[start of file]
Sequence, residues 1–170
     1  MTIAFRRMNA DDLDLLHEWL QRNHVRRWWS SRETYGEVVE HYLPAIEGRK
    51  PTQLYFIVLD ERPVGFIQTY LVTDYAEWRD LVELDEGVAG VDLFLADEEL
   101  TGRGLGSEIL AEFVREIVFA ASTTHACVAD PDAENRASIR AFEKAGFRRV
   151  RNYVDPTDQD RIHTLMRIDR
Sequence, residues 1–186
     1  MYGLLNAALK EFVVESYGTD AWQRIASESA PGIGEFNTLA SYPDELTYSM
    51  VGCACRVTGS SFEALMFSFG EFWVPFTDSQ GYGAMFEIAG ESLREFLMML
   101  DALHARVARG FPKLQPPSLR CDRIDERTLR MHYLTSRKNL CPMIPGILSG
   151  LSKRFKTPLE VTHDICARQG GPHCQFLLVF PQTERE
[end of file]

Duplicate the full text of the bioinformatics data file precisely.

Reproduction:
Sequence, residues 1–170
     1  MTIAFRRMNA DDLDLLHEWL QRNHVRRWWS SRETYGEVVE HYLPAIEGRK
    51  PTQLYFIVLD ERPVGFIQTY LVTDYAEWRD LVELDEGVAG VDLFLADEEL
   101  TGRGLGSEIL AEFVREIVFA ASTTHACVAD PDAENRASIR AFEKAGFRRV
   151  RNYVDPTDQD RIHTLMRIDR
Sequence, residues 1–186
     1  MYGLLNAALK EFVVESYGTD AWQRIASESA PGIGEFNTLA SYPDELTYSM
    51  VGCACRVTGS SFEALMFSFG EFWVPFTDSQ GYGAMFEIAG ESLREFLMML
   101  DALHARVARG FPKLQPPSLR CDRIDERTLR MHYLTSRKNL CPMIPGILSG
   151  LSKRFKTPLE VTHDICARQG GPHCQFLLVF PQTERE